Back in March 2016, I reported that Metropolitan Kirill of Yekaterinburg and Verkhoturye had made a request to the Sverdlovsk regional government to transfer the land in and around Porosenkov Log (3.7 hectares) to the Ekaterinburg Diocese. The territory is simultaneously claimed by the Sverdlovsk Regional Museum of Local History in Ekaterinburg. My report was followed up by a second article on the dispute in July 2017 (see links below for both articles – PG).

Since the events marking the 100th anniversary of the death and martyrdom of Emperor Nicholas II and his family last month, the subject is again making headlines in the Urals media.

According to a document signed by the head of the regional forestry department Oleg Sandakov, as early as 2016, Metropolitan Kirill of Yekaterinburg and Verkhoturye made a request to the regional government to transfer Porosenkov Log to the diocese “for gratuitous urgent use for religious activities.” Scans of the relevant documents (see below) were published last week on the Memorial of the Romanovs Facebook page.

In June 2014, a request was made to recognize Porosenkov Log as a cultural heritage site. Then, the regional ministry of culture planned to transfer the Romanov Memorial site to the Sverdlovsk Museum of Local History. The official opening of the memorial was planned to coincide with the 100th anniversary of the deaths and martyrdom of the Holy Royal Martyrs in July 2018.

In 2016, however, the Ekaterinburg Diocese began to interfere with the plans. In February of the same year, Metropolitan Kirill of Ekaterinburg and Verkhoturye sent an appeal to the Governor of the Sverdlovsk Region Evgeny Kuyvashev, in which he asked to declare invalid the document on the transfer of the site to the museum. The governor granted the Metropolitan’s appeal, with the regional ministry of culture subsequently putting the project on hold.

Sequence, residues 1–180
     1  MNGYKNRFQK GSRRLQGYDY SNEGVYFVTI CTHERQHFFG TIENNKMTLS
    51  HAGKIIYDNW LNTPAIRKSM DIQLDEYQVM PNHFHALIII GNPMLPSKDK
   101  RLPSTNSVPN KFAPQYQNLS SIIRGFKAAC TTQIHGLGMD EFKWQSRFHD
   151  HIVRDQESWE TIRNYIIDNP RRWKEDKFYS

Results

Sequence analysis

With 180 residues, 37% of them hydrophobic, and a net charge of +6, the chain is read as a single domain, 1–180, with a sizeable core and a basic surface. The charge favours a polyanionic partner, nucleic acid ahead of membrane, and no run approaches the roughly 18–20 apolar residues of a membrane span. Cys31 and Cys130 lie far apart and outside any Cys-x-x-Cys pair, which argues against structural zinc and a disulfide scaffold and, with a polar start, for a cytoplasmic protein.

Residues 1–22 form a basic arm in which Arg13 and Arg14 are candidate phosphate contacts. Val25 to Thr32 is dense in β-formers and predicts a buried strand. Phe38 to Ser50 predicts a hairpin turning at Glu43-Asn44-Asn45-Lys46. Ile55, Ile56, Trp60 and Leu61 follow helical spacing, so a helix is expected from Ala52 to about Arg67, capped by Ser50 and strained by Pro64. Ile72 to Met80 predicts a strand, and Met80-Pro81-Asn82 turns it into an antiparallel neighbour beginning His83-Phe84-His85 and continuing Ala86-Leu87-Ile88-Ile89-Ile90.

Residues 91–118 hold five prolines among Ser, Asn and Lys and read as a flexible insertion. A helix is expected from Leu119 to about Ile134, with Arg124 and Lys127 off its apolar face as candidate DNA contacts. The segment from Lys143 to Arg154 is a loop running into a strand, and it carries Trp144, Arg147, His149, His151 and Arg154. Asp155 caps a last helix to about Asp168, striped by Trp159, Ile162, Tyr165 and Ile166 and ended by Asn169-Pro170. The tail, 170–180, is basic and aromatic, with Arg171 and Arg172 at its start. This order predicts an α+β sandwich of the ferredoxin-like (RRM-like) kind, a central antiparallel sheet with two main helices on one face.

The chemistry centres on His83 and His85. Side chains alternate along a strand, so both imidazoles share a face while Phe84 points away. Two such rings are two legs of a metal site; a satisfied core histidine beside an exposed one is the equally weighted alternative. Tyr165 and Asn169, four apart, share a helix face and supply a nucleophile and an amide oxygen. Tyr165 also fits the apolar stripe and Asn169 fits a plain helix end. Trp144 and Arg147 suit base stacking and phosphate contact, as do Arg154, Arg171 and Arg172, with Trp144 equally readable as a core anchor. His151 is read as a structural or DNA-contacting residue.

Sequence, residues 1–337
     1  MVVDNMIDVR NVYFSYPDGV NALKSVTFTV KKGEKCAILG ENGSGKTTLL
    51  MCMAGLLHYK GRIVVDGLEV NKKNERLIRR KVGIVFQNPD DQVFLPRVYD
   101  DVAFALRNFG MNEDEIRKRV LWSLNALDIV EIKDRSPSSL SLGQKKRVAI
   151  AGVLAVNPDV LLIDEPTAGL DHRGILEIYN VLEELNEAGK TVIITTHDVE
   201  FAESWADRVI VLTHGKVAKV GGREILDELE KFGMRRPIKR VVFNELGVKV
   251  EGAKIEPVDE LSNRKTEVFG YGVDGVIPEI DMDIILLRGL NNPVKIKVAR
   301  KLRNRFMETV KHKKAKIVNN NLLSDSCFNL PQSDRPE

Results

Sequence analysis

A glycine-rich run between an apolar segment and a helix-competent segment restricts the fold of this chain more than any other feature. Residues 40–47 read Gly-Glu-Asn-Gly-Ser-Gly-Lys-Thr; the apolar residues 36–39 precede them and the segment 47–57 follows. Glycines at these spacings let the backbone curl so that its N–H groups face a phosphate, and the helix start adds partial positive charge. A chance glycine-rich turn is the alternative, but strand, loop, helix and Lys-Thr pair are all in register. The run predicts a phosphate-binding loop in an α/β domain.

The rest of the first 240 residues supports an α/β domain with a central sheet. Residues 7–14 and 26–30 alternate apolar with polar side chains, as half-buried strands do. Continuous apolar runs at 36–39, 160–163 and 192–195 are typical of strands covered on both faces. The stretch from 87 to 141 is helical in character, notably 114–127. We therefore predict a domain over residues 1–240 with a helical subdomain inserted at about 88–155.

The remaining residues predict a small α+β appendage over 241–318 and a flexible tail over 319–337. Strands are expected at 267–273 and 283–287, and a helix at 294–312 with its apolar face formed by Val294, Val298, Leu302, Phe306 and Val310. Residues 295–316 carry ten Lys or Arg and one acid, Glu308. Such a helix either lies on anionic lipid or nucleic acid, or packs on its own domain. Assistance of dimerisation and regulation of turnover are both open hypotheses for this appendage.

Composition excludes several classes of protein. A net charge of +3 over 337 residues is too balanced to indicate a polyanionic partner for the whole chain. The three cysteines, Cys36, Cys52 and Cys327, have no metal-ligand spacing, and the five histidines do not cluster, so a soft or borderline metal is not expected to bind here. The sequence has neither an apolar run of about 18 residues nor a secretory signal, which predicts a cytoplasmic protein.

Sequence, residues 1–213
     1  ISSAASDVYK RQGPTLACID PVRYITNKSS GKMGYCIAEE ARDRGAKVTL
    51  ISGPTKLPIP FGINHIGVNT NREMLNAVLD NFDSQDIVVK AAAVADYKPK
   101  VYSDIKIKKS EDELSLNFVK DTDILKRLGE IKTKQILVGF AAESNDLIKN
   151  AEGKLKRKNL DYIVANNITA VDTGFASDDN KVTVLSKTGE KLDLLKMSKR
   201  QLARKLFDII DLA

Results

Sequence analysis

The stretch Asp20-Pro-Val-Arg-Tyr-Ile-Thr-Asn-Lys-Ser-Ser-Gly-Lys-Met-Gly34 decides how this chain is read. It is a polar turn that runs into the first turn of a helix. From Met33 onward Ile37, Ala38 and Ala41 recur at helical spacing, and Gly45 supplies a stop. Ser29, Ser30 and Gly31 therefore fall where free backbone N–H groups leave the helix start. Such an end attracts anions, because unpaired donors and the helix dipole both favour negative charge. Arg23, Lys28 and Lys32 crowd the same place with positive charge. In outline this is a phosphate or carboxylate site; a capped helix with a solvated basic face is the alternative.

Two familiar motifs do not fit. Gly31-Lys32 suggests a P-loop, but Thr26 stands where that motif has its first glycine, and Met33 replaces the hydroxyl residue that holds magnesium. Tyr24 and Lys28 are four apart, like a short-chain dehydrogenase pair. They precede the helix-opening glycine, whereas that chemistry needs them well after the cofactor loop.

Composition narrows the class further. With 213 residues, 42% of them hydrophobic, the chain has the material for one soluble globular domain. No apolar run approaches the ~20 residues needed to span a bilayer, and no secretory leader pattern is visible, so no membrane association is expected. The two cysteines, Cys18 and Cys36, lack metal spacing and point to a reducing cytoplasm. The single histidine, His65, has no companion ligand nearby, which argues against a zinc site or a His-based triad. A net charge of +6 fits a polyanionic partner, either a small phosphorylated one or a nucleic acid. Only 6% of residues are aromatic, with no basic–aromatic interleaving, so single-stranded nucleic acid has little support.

“Due to the historical and spiritual significance of the territory, and in order to avoid any disagreements between secular and religious parties, an official note was sent to the governor of the Sverdlovsk region on the expediency of organizing a discussion on the development of the territory as a cultural heritage site with all interested parties,” said the head of the regional department of forestry Oleg Sandakov.

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At the second grave where the remains of Alexei and Maria where discovered in 2007

On the eve of the Tsar’s Days held in Ekaterinburg last month, the Russian Investigative Committee confirmed that genetic examinations on the remains found at Porosenkov Log belong to the murdered Imperial family. It was hoped that Patriarch Kirill would officially recognize the remains during his visit to Ekaterinburg, however, this did not happen. An estimated 100,000 people took part in the pilgrimage from the Church on the Blood to the Monastery of the Holy Royal Martyrs at Ganina Yama, where once again the final prayer service was held, which is still considered by the ROC to be the final burial place of the bodies of the royal martyrs. Porosenkov Log was not included in the pilgrimage.